Last night the history channel carried an hour long program about D.B. Cooper, our famous skyjacking thief. The program featured a team of criminal investigators researching the D.B. Cooper case. As the team detailed the antics of the man they believed to be D.B. Cooper, they would occasionally laugh or smile. It was like, “He was a crook, but, what a guy.” (I have to admit they had me smiling, too.)
That got me to wondering: why do we make folk heroes out of bandits and outlaws? For example, the God Father was so popular, a sequel or two was the order of the day. (A mean, murderous mafia Don is fun to watch?) I see a new version of Bonnie and Clyde is out. And, let’s not forget Butch Cassidy and the Sundance Kid.
Of course, you can’t talk about folk hero crooks without mentioning Robin Hood. I know of about six Hollywood films of the story of Robin Hood, going back to early black and white films. (That doesn’t include Men in Tights. Now that one was funny.)
And I remember my sainted, Christian grandmother once saying, a tone of pride in her voice, “We are related to Jesse James.” My limited research says it ain’t so, but she was willing to believe it, like the guy was some kind of hero instead of thieving, cold blooded killer. Oh, yes. Hollywood made a film out his life, also.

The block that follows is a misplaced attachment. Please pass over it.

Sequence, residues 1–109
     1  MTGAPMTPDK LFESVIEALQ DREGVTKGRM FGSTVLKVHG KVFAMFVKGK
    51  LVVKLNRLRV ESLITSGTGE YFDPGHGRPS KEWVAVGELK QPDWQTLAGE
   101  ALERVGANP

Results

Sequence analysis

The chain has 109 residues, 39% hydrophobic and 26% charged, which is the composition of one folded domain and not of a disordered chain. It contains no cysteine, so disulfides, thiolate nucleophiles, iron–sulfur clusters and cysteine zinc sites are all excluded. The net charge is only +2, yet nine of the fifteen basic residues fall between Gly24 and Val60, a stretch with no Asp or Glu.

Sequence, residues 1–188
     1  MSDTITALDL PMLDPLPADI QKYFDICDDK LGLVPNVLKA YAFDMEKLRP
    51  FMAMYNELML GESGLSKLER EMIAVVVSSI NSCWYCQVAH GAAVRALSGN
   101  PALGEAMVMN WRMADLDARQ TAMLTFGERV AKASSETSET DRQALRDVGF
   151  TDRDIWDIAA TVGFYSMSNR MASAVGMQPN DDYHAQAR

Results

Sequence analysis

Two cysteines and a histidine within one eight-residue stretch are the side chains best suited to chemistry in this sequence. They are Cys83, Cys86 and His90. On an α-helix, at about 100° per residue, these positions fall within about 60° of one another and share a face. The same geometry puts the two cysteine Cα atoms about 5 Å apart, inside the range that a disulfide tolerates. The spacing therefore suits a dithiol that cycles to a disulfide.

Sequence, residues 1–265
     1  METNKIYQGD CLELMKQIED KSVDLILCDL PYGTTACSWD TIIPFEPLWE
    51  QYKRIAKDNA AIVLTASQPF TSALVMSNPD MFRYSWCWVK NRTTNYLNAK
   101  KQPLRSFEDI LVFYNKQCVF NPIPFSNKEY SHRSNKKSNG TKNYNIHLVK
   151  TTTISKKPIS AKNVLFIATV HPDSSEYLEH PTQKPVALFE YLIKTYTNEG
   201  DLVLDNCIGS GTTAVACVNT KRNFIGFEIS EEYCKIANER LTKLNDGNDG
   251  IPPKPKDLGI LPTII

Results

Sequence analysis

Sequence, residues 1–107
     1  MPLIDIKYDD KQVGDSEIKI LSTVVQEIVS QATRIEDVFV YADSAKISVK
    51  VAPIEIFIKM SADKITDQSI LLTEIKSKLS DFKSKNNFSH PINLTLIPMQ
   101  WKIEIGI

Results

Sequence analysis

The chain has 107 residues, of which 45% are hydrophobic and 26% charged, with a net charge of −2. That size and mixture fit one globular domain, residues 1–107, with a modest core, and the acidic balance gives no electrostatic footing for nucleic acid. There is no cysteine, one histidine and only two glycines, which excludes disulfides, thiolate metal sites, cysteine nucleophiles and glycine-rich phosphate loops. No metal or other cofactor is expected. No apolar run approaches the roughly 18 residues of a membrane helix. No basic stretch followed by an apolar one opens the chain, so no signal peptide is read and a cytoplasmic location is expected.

So what gives? Why this admiration for big time crooks? The daring of their deeds? The size of the haul? The cleverness of the thief? I’m not sure I know. Maybe someone will enlighten me.
I’ll stop with a memory of the closing scenes of a movie, the name of which I don’t remember, with Paul Newman’s character and his bank robbing girl friend sailing into the wild blue yonder with a suitcase full of stolen money. (The critics liked the film.)
p.s. I think I better include The Great Train Robbery and The Taking of Pelham 123. If you have others you would like to add, please feel free.